Practice makes perfect when it comes to emergency preparedness. Knowing what to do when a natural disaster strikes saves lives.
Practice for disasters in both your home and your workplace, so that you know how to respond and mitigate the danger of different types of hazards.
September is National Preparedness Month. It is a time to prepare for crises and natural disasters. Schools, workplaces, families, and communities are urged to participate in a simple yet specific activity to increase preparedness for everyone involved.
Here are a few examples of practice drills:
Creating emergency kits for
Hosting emergency practice drills
Facilitating a group discussion on family emergency plans
Outlining emergency plans at the workplace
Discussing different types of hazards that are possible for the area you live and work
Researching local natural hazards
Teach children how to prepare for a disaster
The Federal Emergency Management Agency (FEMA) has prepared resources for safety drills for the workplace and schools that can also be adapted for households.
“When Americans prepare and practice for an emergency in advance of the event, it makes a real difference in their ability to take immediate and informed action, which, in turn, enables them to recover more quickly. Participation in drills, exercises, and training help to establish brain patterns that support quick and effective action during an emergency.”
Safety drills emphasize the importance of preparedness and empower citizens with the education and equipment to use when faced with danger.
Perhaps you already have your 72-hour kit, and it has all the necessities for an impending disaster. But, if the worst happens, are you truly ready to use everything in it? Does every person in your family know what to do with the items in the emergency kit?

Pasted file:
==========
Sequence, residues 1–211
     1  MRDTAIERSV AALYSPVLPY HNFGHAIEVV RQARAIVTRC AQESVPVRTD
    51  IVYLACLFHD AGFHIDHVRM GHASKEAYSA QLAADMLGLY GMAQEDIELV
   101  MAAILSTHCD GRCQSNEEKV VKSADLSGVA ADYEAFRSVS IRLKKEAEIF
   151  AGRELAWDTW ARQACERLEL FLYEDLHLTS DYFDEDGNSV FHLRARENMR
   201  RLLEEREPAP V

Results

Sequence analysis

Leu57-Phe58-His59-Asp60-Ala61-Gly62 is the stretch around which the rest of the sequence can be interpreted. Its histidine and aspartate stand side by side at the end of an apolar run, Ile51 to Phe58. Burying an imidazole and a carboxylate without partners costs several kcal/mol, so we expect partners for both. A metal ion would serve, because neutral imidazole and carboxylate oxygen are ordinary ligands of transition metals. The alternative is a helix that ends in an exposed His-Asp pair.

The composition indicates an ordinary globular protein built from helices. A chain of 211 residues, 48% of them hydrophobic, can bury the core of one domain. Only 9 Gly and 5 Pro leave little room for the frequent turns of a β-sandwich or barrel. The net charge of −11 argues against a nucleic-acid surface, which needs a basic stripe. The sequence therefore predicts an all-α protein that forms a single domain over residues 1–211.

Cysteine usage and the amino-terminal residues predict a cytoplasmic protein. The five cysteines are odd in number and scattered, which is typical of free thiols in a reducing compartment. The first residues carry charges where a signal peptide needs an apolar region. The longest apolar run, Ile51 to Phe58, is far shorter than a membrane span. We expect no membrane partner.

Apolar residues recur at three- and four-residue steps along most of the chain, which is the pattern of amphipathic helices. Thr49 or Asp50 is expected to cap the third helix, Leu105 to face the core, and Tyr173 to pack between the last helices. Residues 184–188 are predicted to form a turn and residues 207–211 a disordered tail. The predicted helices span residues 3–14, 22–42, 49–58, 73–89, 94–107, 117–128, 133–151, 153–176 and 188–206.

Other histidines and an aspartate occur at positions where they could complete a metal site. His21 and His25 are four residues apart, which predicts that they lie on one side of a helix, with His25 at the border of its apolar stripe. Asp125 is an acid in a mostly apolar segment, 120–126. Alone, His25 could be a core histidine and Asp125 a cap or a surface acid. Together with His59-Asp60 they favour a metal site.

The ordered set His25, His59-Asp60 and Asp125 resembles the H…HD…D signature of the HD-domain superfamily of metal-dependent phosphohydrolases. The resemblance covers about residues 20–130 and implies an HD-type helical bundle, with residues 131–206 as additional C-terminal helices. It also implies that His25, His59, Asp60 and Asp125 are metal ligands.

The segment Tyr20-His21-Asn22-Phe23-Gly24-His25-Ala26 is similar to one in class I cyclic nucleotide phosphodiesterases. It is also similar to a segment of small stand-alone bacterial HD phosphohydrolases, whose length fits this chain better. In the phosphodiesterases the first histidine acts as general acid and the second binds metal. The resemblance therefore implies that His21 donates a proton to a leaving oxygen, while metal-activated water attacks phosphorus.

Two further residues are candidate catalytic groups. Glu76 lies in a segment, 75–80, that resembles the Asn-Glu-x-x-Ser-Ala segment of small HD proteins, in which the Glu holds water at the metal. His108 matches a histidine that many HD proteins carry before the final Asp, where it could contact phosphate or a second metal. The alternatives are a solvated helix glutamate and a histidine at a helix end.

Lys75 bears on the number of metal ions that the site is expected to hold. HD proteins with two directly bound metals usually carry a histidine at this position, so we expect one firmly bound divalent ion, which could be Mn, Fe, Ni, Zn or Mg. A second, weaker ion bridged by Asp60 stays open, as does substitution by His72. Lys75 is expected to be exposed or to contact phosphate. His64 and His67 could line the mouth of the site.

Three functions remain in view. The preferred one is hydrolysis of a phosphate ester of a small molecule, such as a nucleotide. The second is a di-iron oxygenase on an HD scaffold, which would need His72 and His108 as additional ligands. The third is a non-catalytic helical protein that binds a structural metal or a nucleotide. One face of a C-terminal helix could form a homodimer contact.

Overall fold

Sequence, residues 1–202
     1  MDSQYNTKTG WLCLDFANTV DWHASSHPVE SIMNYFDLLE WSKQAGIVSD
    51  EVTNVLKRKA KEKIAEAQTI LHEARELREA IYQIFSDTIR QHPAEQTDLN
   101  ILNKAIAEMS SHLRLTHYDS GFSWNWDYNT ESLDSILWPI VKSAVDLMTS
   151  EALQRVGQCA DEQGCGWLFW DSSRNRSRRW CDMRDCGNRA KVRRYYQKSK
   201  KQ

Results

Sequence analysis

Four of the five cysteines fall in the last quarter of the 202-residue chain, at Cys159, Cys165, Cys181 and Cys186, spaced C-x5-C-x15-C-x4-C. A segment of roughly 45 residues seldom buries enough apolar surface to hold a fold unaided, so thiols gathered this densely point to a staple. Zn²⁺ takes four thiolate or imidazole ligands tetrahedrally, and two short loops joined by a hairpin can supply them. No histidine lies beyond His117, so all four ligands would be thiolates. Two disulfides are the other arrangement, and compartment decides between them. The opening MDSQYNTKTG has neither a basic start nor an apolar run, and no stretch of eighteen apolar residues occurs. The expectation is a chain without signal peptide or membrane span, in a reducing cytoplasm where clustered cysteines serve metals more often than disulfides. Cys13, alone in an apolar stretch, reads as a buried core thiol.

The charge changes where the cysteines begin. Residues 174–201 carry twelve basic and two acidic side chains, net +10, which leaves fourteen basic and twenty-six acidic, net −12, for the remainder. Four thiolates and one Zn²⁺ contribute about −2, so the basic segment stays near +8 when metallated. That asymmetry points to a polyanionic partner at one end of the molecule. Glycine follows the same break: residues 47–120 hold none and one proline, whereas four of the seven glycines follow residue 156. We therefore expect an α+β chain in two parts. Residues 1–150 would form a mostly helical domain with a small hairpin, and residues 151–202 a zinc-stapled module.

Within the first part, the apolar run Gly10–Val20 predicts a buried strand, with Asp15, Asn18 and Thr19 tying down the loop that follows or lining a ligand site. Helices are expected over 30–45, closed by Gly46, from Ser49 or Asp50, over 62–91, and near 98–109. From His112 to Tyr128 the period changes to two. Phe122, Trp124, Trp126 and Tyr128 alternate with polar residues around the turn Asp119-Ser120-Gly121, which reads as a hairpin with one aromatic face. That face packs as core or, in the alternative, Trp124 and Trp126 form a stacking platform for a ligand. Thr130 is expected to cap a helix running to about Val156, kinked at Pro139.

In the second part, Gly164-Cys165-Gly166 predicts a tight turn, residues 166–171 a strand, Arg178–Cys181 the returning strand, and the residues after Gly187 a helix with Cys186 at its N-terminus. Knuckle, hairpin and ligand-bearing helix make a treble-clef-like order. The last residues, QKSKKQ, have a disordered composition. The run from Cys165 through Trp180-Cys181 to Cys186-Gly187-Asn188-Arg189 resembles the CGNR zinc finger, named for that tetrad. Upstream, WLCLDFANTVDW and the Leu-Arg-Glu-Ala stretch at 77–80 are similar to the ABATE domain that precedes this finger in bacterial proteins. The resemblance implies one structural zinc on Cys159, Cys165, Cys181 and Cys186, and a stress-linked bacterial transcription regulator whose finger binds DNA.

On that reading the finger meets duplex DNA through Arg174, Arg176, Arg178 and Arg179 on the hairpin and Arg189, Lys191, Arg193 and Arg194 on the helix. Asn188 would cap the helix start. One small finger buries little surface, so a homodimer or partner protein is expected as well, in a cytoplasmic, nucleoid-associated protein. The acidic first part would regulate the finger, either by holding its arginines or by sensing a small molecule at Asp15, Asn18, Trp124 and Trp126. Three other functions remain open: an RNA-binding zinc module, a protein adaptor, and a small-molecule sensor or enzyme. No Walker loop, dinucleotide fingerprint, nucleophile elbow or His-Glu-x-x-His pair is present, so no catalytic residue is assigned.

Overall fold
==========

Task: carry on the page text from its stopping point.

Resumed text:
Hold a mock emergency and see how long it takes for your family members to grab your 72-hour kits and meet at a specified location. A staged drill provides each member of the household an experience that helps them be prepared for the unknown.
Once the 72-hour kit is compiled, check it at least once a year to update important papers or ID.
Check the clothing in the kit to make sure sizes are age-appropriate
Review emergency preparedness best practices by researching online or at the local library where you will find survival books on food storage, first aid books, books about sterilizing water, gardening books, etc.
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How to prepare to practice for a disaster?
Be aware of what type of natural emergencies are most likely in your area. Some regions are prone to bushfires, floods, windstorms, snowstorms, and power outages. Residents may be forced to evacuate their homes and seek shelter and assistance from emergency centers.
What are tips to be prepared for a disaster?
Create an emergency response plan for your practice.
Exercise your plan on regularly.
Contact emergency centers in your local area to see what support is offered.
Have a plan in place for sending communications to each other.
Create a plan with your family by figuring out what to do in case of a disaster. Be sure that everyone knows their role and responsibilities in the plan. Then hold drills and practice until everyone feels comfortable with who does what.
To help your family prepare:
Pack an emergency kit
Equip yourself with a three-day emergency food and water supply
Establish a disaster plan and practice it
Pack what you will need in case you need to evacuate
Respect warnings of local officials
Record important pa